10 Books that changed my life upon first reading them and have stayed with me: (via Will Johnson and Tony Ridgway)

10. Hyperion and Fall of Hyperion
9. Several Piers Anthony series: Xanth, Bio of a Space Tyrant, and Incarnations of Immortality
8. Ender’s Game
7. The Time of the Dark
6. The Chronicles of Amber
5. The Eye of the Heron. A great prompt to examine pacifism, the difficulty in adhering to it… and to think about success and failure of non-violence as a movement. All of her Hainish/Ekumen novels prompt thought about cultural influences and nature/nurture in worlds with very different nurture.
4. The Chronicles of Narnia. I read the covers off of them. Then I heard how it had all been a trick to proselytize, which led me to carefully reread and notice the parallels. Soon I appreciated how well drawn they were and how appealing Narnia’s story is. Streamlined for kids; rough in important ways. The stone table scene delivers what feels overwrought or like torture porn in telling Jesus’ life.
3. Red Box D&D/AD&D: I read, and mused, and studied, and researched—and built worlds for myself and my friends to inhabit. In many ways THE most influential book in terms of guiding how I spend my days and what I think about.
2. The Last Herald Mage: Magic’s Pawn. Lackey’s hurting, misunderstood young hero made homosexuality painfully normal, by experiencing the confusion and longing for myself.
1. A Wizard of Earthsea. Precise, beautiful writing, a story with a moral; difficult relationships, and acceptance that we all die. The third book, The Furthest Shore, was similarly powerful–though it taught a sense of balance, restraint, and provided a vision of life as an old person that seemed pretty cool all the same.

Meme: 10 books

What’s old is new again… the 10 books meme struck me on Facebook. I thought I’d toss the answers here, so I can be amused at how much they change next time it rolls around.

10 Books that changed my life upon first reading them and have stayed with me: (via Will Johnson and Tony Ridgway)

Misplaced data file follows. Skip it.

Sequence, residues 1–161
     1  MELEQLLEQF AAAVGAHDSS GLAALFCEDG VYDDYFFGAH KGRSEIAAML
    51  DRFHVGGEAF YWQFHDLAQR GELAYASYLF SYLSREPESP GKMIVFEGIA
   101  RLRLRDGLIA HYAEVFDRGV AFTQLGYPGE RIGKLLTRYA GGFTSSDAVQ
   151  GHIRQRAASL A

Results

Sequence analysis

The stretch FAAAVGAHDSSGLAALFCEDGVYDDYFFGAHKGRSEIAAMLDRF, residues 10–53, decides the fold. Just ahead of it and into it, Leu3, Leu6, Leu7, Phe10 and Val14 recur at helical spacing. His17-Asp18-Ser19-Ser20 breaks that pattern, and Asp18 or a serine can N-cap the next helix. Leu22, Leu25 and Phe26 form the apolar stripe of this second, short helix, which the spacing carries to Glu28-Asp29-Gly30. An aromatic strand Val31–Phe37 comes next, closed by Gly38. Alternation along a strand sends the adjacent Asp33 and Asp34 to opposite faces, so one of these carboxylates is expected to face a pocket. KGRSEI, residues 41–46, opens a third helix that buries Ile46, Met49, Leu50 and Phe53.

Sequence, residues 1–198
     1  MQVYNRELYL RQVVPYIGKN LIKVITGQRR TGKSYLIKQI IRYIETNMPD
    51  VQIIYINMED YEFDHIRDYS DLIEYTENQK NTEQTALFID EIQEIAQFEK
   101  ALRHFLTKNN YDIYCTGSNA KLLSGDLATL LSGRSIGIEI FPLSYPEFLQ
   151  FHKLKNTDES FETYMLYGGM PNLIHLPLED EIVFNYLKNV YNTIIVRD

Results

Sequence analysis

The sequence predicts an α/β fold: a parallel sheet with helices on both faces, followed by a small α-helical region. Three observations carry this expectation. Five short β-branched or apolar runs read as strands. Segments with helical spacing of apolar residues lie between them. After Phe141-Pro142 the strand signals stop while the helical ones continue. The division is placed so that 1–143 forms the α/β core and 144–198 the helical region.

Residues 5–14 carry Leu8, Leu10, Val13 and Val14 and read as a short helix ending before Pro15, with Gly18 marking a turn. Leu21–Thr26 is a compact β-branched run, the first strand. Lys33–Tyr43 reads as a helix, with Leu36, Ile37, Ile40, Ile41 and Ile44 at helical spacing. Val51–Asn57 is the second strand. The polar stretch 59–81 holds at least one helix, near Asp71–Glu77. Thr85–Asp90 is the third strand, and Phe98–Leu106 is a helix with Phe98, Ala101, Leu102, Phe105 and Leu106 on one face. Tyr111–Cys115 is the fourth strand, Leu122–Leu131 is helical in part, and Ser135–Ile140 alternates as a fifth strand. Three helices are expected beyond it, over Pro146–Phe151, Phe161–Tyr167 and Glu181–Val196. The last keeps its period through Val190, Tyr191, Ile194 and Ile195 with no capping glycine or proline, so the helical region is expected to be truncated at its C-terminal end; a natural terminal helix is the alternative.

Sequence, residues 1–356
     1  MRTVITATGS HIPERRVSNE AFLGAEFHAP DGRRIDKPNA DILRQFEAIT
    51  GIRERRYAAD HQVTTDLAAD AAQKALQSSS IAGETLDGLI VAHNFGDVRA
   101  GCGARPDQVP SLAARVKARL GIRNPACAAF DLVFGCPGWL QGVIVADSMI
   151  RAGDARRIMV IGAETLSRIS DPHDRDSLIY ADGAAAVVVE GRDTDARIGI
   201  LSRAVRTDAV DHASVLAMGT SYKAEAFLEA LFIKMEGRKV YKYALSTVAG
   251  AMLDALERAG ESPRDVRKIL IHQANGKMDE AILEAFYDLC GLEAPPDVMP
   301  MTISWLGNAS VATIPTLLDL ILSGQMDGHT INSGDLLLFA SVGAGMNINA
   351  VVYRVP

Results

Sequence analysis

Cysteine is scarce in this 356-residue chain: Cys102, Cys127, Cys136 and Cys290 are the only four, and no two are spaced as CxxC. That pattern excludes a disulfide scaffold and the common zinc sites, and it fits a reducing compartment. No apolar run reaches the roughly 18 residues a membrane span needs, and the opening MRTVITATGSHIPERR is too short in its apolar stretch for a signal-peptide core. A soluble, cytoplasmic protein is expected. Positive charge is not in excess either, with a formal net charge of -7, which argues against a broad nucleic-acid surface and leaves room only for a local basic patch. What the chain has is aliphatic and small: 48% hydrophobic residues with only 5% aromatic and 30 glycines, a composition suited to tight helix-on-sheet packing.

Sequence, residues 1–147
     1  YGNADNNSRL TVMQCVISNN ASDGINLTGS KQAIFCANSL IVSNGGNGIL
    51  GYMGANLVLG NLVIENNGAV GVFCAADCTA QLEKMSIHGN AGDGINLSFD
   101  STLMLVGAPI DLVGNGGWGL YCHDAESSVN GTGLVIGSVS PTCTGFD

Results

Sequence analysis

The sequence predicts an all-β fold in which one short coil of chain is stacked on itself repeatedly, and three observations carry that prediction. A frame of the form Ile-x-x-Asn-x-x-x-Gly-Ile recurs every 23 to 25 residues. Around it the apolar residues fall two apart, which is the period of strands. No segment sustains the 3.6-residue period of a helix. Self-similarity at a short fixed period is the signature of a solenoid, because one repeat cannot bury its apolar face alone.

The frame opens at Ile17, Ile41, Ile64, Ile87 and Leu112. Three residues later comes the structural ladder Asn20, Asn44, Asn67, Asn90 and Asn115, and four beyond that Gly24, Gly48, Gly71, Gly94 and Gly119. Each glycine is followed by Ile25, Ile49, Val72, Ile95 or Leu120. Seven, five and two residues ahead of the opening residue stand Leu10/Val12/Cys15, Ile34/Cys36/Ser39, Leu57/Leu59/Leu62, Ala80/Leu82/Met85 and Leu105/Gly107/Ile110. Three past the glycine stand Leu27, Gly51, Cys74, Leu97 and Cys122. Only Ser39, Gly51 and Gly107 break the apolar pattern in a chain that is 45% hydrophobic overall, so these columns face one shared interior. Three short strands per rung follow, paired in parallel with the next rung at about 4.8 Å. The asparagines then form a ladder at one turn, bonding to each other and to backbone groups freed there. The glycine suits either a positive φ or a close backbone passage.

10. Hyperion and Fall of Hyperion
9. Several Piers Anthony series: Xanth, Bio of a Space Tyrant, and Incarnations of Immortality
8. Ender’s Game
7. The Time of the Dark
6. The Chronicles of Amber
5. The Eye of the Heron. A great prompt to examine pacifism, the difficulty in adhering to it… and to think about success and failure of non-violence as a movement. All of her Hainish/Ekumen novels prompt thought about cultural influences and nature/nurture in worlds with very different nurture.
4. The Chronicles of Narnia. I read the covers off of them. Then I heard how it had all been a trick to proselytize, which led me to carefully reread and notice the parallels. Soon I appreciated how well drawn they were and how appealing Narnia’s story is. Streamlined for kids; rough in important ways. The stone table scene delivers what feels overwrought or like torture porn in telling Jesus’ life.
3. Red Box D&D/AD&D: I read, and mused, and studied, and researched—and built worlds for myself and my friends to inhabit. In many ways THE most influential book in terms of guiding how I spend my days and what I think about.
2. The Last Herald Mage: Magic’s Pawn. Lackey’s hurting, misunderstood young hero made homosexuality painfully normal, by experiencing the confusion and longing for myself.
1. A Wizard of Earthsea. Precise, beautiful writing, a story with a moral; difficult relationships, and acceptance that we all die. The third book, The Furthest Shore, was similarly powerful–though it taught a sense of balance, restraint, and provided a vision of life as an old person that seemed pretty cool all the same.